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Lobo Cover 2

New Mexico\'s corner and safety techniques
by: Troy Reffett
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Our base defensive alignment is a 3-3-5 that allows us to execute multiple blitzes and coverages from various fronts. One of the primary coverages we have in our package is Cover 2. We will run Cover 2 with three, four and five man pressures. Based on the amount of pressure, the underneath drops and assignments may vary slightly. The one position that remains constant in their assignments and techniques is the cornerbacks. I will focus on our coaching progression with the corners in depth and talk briefly about our safeties assignments.

Base Corner Rules and Reminders:

• Collision – Funnel – Sink
• Alignment at five yards or less – Press
• Formation – Quick 2
• Vision – Through #1 to #2 and QB

We want the words Collision – Funnel – Sink – to immediately come to mind when Cover 2 is signaled. These three techniques must be executed for the coverage to be successful on the perimeter. The deepest we want our collision of the receiver to take place is five yards from the receiver. If the down and distance is less than five yards, we may collision sooner or utilize a press technique to ensure we can reroute the receiver and disrupt timing. The collision point is aimed at the outside half of the receiver’s body. We then want to funnel him inside to the linebackers and safeties. As we funnel, our eyes are immediately on the next inside receiver, the “Quick 2.” As we collision and funnel, we will continue to sink and gain depth reading route combinations and the QB.

Technique and Assignments Versus Routes:

Verticals by #1 and #2 – This is a route concept where the Collision – Funnel – Sink technique is crucial. We want our corners to run with the #1 receiver with outside leverage to give the safety help with the two verticals. The corner may be in somewhat of a trail position but the QB will see a defender in the vicinity that can make a play on the ball.

Smash Concept (#1 five to seven yard hitch, #2 corner route) – We expect our corners to make the play on the corner route or force the ball to be thrown to the hitch. As #1 breaks off his route the corner must open inside and sink underneath the corner route while reading the QB’s shoulders. The offense may attempt to keep the corner in the flats by delaying the release of #1 by releasing him slowly from the line of scrimmage. The corner must recognize this and sink quickly.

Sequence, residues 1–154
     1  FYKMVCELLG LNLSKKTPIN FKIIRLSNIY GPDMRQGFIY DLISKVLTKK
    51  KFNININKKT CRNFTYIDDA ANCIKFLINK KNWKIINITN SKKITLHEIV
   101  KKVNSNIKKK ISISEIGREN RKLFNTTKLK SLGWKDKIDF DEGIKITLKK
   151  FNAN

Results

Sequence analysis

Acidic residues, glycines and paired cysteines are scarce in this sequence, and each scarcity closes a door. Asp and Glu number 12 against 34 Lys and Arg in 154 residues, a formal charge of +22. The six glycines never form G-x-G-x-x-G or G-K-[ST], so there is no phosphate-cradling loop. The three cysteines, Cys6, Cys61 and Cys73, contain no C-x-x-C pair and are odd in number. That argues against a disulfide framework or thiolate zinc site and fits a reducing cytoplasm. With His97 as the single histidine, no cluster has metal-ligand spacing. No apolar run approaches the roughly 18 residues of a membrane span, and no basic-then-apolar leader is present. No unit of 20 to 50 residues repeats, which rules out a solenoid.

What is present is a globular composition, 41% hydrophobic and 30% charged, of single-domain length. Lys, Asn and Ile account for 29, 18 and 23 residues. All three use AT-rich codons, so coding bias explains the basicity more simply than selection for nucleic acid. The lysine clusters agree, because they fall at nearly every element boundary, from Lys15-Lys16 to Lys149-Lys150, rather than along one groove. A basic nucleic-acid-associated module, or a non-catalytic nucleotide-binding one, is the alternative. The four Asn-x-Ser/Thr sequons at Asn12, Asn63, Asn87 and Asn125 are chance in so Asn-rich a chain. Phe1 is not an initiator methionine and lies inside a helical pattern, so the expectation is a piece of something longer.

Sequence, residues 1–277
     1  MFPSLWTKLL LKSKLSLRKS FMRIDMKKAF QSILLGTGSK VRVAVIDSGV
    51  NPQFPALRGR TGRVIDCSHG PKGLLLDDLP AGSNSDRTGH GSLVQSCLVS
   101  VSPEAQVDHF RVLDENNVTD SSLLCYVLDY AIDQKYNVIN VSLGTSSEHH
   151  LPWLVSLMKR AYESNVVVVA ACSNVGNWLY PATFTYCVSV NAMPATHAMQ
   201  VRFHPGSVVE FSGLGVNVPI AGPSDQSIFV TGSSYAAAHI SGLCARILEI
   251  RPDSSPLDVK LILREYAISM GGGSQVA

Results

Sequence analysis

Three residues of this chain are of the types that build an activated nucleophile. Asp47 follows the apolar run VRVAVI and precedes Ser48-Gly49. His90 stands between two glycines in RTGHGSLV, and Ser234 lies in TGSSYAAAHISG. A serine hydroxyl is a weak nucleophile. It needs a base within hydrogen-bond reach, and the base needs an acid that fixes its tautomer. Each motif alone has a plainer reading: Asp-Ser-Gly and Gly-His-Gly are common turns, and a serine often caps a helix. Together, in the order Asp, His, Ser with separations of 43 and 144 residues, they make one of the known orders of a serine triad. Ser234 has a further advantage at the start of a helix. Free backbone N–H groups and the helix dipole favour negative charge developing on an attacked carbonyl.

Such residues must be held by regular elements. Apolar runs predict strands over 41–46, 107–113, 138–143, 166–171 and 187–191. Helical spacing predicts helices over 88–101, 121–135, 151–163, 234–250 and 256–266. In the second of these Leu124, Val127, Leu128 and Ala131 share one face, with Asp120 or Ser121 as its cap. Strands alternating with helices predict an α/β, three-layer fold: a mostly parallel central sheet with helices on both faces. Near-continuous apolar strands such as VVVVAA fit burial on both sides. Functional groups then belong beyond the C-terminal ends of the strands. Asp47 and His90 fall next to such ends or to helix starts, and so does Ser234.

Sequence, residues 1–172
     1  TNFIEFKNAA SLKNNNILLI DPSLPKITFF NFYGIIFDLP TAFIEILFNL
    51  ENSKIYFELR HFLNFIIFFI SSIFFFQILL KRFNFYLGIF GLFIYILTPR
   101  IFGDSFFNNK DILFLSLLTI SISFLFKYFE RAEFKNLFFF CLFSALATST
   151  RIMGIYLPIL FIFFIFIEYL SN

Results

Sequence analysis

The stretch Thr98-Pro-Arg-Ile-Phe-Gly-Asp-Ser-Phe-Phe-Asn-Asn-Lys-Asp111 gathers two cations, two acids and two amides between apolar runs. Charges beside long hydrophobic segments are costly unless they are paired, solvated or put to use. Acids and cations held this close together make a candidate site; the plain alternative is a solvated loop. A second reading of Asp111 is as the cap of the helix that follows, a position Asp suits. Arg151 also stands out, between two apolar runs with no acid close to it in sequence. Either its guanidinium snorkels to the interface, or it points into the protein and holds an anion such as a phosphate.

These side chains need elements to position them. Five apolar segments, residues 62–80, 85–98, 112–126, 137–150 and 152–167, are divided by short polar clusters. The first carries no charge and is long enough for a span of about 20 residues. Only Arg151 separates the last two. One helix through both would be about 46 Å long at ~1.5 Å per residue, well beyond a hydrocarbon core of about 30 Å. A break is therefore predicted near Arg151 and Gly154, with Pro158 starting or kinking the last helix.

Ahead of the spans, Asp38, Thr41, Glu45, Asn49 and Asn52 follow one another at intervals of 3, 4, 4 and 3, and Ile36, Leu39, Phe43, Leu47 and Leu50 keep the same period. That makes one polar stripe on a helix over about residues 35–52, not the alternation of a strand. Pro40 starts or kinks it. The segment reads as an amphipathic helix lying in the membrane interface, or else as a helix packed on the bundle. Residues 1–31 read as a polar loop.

#1 Vertical, #2 Quick Out – Offenses want the corner to jump the out to open up #1 in the window between the corner and safety. Receivers may also release wide, attempting to get outside the corner and make him turn his back to the ball. Regardless of the release, the corner must sink and buy time for the safety to gain width. We coach our corners, versus a wide release that can’t be funneled, to turn inside and keep vision of #2 and the QB. Meanwhile, they must continue to sink and take away the throwing window.

#1 Post, #2 Wheel – Corners will run with the wheel route trying to maintain outside position and keep leverage on top. Inside leverage on a wheel route may allow the offense to convert the route to a wheel-comeback.

Versus an alignment of two WRs within five yards of one another or a three-receiver bunch alignment, we will not attempt a collision due to the threat of being out-leveraged by #2.


Mirror Drill – from press or five yard alignment. Receiver works laterally between two cones as a corner shuffles with his shoulders square maintaining a funnel position (See Diagrams 1 and 2).

Diagram 1: Mirror Drill

Diagram 2: Mirror Drill

Half Line Pass Skeleton – Rapid fire route combinations versus corner, linebacker and safety. High-repetition drill (See Diagrams 3-5).

Diagram 3: Half-line Pass Skeleton

Diagram 4:

Diagram 5:


• Post-snap depth must be a minimum of 12 yards.

• Width alignment will vary based on ball position and split of receivers.

• Read #2 to #1 for route combinations. If #2 goes flat, inside or outside, find #1 to dictate width of drop.

• Must have enough depth to play over the top of two vertical threats.

• Trust Corner to make the play on the corner route. Overly aggressive safeties against a corner route will lead to a corner/post route adjustment.

• Against the run, corners are primary run support. Safeties work lateral, with depth, to run flow and to check play action or gadget plays.


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